Western museums and collectors have proffered a number of justifications for holding onto artifacts despite these earnest pleas; one prominent argument is that the items are better and more safely shown in the West. The British Museum, in particular, has touted itself as “a museum of the world for the world.”

It is, more accurately, a museum of the world for the world which can afford to travel to see its collections. As British-Iraqi author Ruqaya Izzidien noted, “How many ordinary Iraqis or Egyptians are able to get a visa to Britain, let alone afford a trip to London? Why must the financial and emotional burden to learn about one’s own cultural history fall upon those who were brutalized by the regimes that now profit from their colonial plunder?”

Egypt, which derives 12% of its GDP from tourism, has built a $1 billion museum in the shadow of the pyramids of Giza to house Egyptian antiquities. The facility includes one of the largest conservation centers in the world. Stymying the claim that “only institutions in the west can preserve the world’s cultural heritage,” these laboratories have already succeeded in repairing a pair of Tutankhamun’s sandals formerly believed hopelessly damaged.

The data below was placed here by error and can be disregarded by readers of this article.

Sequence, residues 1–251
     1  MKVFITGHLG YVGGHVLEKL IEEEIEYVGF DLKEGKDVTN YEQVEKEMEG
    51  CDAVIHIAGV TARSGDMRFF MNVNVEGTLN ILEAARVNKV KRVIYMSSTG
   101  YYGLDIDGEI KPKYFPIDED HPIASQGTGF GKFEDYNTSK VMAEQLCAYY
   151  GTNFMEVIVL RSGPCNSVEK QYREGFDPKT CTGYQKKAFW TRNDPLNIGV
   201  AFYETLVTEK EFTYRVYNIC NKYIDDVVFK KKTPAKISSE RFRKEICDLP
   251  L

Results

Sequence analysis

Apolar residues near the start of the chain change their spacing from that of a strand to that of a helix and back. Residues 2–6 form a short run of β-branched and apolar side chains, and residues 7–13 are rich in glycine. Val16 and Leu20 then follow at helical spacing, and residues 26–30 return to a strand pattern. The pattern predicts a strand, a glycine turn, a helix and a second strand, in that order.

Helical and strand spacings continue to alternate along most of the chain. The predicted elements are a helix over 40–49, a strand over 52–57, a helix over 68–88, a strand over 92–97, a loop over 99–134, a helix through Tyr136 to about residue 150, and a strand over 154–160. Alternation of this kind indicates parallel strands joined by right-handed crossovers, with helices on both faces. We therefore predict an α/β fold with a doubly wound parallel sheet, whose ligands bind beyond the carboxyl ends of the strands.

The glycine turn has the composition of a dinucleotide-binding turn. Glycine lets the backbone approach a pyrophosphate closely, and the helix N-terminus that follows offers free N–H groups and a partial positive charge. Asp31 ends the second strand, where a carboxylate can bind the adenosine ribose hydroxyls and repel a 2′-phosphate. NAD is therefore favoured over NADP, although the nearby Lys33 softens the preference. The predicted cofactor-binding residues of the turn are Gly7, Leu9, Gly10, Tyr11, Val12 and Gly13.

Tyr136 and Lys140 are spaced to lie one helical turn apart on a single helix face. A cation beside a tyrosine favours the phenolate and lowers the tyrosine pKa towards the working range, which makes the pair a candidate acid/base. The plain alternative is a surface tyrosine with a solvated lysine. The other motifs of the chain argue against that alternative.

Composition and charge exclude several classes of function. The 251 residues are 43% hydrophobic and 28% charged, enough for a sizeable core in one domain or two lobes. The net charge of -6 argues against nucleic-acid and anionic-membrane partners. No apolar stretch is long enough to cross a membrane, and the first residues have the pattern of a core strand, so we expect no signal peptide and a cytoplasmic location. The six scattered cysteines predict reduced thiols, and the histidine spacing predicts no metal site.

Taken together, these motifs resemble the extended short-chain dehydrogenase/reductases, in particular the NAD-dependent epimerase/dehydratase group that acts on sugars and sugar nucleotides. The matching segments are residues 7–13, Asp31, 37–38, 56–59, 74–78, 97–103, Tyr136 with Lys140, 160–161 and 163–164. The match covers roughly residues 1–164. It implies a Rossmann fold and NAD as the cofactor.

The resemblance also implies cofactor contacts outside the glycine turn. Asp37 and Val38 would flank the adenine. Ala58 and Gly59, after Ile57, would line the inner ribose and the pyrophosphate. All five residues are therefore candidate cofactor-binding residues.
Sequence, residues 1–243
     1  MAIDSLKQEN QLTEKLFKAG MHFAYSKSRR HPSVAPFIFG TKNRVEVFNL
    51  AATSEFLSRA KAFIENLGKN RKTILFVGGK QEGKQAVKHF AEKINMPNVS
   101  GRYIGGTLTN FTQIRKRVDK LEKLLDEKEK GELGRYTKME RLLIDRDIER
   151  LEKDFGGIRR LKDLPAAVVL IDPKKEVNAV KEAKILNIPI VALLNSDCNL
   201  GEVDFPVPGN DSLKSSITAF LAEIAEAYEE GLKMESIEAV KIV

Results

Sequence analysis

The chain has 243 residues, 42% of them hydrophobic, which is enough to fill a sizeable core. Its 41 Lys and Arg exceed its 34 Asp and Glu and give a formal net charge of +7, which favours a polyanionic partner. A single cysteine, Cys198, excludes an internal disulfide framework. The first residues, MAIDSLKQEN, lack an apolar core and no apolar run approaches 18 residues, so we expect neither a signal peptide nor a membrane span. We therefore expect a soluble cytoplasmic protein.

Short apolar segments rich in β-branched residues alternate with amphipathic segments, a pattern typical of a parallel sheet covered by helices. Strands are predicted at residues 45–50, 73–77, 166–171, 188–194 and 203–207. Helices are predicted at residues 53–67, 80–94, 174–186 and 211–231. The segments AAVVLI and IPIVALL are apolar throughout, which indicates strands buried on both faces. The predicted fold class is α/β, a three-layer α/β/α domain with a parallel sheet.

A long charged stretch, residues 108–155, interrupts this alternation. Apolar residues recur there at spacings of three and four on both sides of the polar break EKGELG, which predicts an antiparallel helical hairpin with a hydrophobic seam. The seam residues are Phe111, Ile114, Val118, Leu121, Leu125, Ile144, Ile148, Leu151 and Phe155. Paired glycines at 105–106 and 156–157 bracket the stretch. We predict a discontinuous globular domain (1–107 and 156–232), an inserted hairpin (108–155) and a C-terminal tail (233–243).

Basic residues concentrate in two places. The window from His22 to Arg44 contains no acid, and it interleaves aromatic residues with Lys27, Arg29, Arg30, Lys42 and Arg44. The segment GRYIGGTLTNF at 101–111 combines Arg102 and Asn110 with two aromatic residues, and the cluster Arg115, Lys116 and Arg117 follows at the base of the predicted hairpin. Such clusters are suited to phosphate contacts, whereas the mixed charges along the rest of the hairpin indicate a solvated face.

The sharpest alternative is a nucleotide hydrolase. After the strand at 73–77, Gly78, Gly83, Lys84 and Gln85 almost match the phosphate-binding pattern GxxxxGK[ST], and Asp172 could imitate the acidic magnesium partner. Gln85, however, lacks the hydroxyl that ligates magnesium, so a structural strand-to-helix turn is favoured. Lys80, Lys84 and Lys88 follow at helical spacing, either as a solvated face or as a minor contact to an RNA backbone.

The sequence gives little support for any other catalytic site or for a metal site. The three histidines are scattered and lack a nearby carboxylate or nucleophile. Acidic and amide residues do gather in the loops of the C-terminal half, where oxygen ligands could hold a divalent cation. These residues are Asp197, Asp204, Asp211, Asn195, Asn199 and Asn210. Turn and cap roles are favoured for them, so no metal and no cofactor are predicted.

The museum is a lynchpin of Egypt’s plan to perk up tourism which has lagged since the Arab Spring. It’s easy to see how the Benin bronzes, or the Asante Kingdom’s royal regalia from Ghana, could similarly jumpstart the tourism industry in these artifacts’ home countries.

No excuse for Christie’s

Even as the tide of public opinion turns towards returning looted artifacts—polling indicates that British citizens broadly support giving the Parthenon marbles back to Greece, and French President Emmanuel Macron has announced that Paris will start repatriating African art—the British Museum has sidestepped the question by pointing to legislation prohibiting it, a public institution, from divesting its collections.

A privately-owned auction house like Christie’s has no such excuse. Christie’s refusal to even postpone the auction long enough to produce verifiable proof that the bust had come out of Egypt legally speaks to a remarkable disregard for ethics and transparency which unfortunately is par for the course for the high-end auction industry.